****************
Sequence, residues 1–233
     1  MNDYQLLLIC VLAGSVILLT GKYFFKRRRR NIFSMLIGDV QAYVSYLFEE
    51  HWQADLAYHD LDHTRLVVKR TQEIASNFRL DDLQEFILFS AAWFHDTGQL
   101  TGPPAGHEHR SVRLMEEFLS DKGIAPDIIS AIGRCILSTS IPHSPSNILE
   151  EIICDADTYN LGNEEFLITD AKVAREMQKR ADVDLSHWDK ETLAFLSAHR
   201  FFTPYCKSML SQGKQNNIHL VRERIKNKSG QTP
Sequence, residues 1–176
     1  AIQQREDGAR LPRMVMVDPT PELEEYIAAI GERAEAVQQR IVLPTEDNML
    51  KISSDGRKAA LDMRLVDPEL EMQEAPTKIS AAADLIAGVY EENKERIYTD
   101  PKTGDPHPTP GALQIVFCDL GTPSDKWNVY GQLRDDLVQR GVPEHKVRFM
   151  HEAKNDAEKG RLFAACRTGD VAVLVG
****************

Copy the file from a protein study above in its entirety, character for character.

Sequence, residues 1–233
     1  MNDYQLLLIC VLAGSVILLT GKYFFKRRRR NIFSMLIGDV QAYVSYLFEE
    51  HWQADLAYHD LDHTRLVVKR TQEIASNFRL DDLQEFILFS AAWFHDTGQL
   101  TGPPAGHEHR SVRLMEEFLS DKGIAPDIIS AIGRCILSTS IPHSPSNILE
   151  EIICDADTYN LGNEEFLITD AKVAREMQKR ADVDLSHWDK ETLAFLSAHR
   201  FFTPYCKSML SQGKQNNIHL VRERIKNKSG QTP
Sequence, residues 1–176
     1  AIQQREDGAR LPRMVMVDPT PELEEYIAAI GERAEAVQQR IVLPTEDNML
    51  KISSDGRKAA LDMRLVDPEL EMQEAPTKIS AAADLIAGVY EENKERIYTD
   101  PKTGDPHPTP GALQIVFCDL GTPSDKWNVY GQLRDDLVQR GVPEHKVRFM
   151  HEAKNDAEKG RLFAACRTGD VAVLVG